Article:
[Clovers: The Genus Trifolium East of the Cascade Mts. of Oregon and Washington]
Big-head Clover, Big-headed Clover, Large-head Clover
Synonyms: Lupinaster macrocephalus, Trifolium macrocephalum var. caeruleomontanum
The photo at left shows big-head clover as seen along Cowiche Mill Road several miles west of Yakima, WA.........March 28, 2007. Note that the palmately compound leaves leaves have more than the typical 3 leaflets of most other clovers. The photo at right shows a late-blooming big-head clover in scablands at Brooks Memorial State Park, Klickitat County, WA.....May 4, 2021.
Big-head clover is a very attractive perennial
wildflower in terms of both is large, striped leaves and large, showy inflorescence.
Several stems arise 10-30 cm high from a thick, tough root and spreading rhizomes.
The distinct leaves are palmately compound with 5-9 leaflets that are oblanceolate
to obcordate in outline. The thick, leathery leaflets are noticeably ribbed
due to the pinnately spreading veins and have serrate margins, the teeth being
small and thin. A lighter colored stripe runs across the middle of the leaflet
blade (as seen in photos on this page) which measures 12-25 mm long. The stipules
are broad, leaf-like and deeply cleft or toothed.
A single, dense head of flowers measuring up
to 5 cm wide and long is found atop each stem. The heads lack a subtending
involucre and are very showy. Individual flowers measure 22-28 mm long and
are pinkish to rose-pink with white banner. The pedicels are very short. The
calyx is about 2/3 the length of the corolla and is tipped by long, thin calyx
teeth that are several times longer than the calyx tube and are ringed with
many fringing hairs. The small pods are typically 1-4 seeded.
Big-head clover may be found on rocky or shallow
soils in grasslands, amongst sagebrush or in open ponderosa pione woodlands.
Big-head clover may be found wholly east of the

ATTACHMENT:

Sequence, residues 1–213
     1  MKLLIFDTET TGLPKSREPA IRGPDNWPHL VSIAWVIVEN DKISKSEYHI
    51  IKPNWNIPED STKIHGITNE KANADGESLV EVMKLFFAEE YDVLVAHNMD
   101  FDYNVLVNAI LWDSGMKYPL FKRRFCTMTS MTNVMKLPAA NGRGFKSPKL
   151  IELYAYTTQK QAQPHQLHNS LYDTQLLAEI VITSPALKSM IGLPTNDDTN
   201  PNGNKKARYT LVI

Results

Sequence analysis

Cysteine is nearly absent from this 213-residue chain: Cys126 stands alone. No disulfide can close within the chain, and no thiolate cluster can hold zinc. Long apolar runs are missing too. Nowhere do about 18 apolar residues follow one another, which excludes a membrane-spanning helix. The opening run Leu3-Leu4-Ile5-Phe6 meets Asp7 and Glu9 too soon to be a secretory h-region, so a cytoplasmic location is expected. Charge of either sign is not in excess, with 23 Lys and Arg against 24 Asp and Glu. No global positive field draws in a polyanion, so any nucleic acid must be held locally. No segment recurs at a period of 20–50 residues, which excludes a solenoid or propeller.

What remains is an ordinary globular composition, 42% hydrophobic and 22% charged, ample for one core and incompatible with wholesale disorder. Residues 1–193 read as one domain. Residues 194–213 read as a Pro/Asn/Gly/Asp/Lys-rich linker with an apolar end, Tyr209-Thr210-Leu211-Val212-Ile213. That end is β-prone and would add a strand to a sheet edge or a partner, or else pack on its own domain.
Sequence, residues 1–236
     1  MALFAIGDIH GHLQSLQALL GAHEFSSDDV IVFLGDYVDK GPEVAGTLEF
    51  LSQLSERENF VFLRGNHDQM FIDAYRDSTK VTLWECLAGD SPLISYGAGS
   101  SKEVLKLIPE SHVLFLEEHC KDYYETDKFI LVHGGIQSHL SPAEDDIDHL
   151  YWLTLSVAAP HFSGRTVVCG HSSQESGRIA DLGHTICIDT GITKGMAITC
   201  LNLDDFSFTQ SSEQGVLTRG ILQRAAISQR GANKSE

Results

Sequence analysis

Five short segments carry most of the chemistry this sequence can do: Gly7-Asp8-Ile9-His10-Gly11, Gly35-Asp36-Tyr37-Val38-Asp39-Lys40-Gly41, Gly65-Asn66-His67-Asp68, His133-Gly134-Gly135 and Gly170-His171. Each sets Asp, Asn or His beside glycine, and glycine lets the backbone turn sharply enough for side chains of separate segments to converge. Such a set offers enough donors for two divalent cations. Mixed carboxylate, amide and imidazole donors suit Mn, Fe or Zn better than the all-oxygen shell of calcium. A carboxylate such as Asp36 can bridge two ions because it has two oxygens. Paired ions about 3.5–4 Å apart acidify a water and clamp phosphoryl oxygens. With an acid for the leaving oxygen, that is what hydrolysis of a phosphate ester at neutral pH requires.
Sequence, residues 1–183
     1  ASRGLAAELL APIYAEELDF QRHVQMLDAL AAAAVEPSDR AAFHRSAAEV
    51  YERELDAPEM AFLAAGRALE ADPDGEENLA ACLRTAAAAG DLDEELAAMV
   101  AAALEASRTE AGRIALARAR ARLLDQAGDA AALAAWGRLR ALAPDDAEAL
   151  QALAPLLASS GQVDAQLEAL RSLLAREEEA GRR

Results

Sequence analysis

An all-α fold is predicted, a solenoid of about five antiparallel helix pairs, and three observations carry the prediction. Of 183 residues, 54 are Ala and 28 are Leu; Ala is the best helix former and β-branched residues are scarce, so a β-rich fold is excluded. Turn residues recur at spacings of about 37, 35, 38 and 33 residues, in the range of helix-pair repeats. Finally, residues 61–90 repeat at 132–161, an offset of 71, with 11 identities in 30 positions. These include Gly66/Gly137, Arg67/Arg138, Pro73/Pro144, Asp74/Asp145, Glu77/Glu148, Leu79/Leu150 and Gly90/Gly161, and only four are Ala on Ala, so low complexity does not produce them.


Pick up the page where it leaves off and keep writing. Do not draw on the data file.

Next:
Cascade Mts. from southcentral Washington to central Oregon and eastward to
western Idaho and Nevada.
The photo above shows a close-up of the flower of bighead clover as seen along the Hells Canyon Rim Road in Hells Canyon NRA..........June 28, 2008. Note the long wing petals, which are longer than the pink keel. Note also the very long, narrow and hairy calyx lobes.
The photo above shows western groundsel as seen along the Hells Canyon Rim Road in Hells Canyon NRA.........June 28, 2008.
The photo above shows big-head clover as seen along Cowiche Mill Road several miles west of Yakima, WA...........March 28, 2007.
Big-head clover as seen in scablands near the junction of FS Roads #42 and #300, Ochoco National Forest and adjacent BLM lands..........April 30, 2016.
Big-head clover from rocky meadows at the junction of FS Roads #42 and #3010 at the southeastern corner of Big Summit Prairie, Ochoco National Forest..........April 29, 2016.
Big-head clover blooming along the Round Mountain South Trail #805 near the summit of Round Mt., Ochoco National Forest.........May 28, 2016.
Big-head clover (left and center) from rocky meadows alongside Cold Springs Road in the northern Wallowa-Whitman National Forest..........June 26, 2008. The photo at right shows bighead clover blooming amongst Tolmie's onion (Allium tolmiei) in scablands at the northeast corner of the junction of Forest Roads 42 and 30 at the southeast corner of Big Summit Prairie, Ochoco National Forest.........May 10, 2017..
Bighead clover blooming (left) on scablands at the eastern edge of Big Summit Prairie near the old Cold Springs Guard Station, Ochoco National Forest.........May 10, 2017. The photo at right shows bighead clover on scablands between Forest Road 4040 and the North Fork Crooked River Wild and Scenic River........May 11, 2017.
Bighead clover blooming at left along Forest Road #3965 to the Hells Canyon Overlook, Hells Canyon National Recreation Area......June 11, 2018. The photo at right shows bighead clover in bloom along What Road north of Cleman Mountain near the DNR-Wenatchee National Forest boundary, Yakima County, WA......May 24, 2019.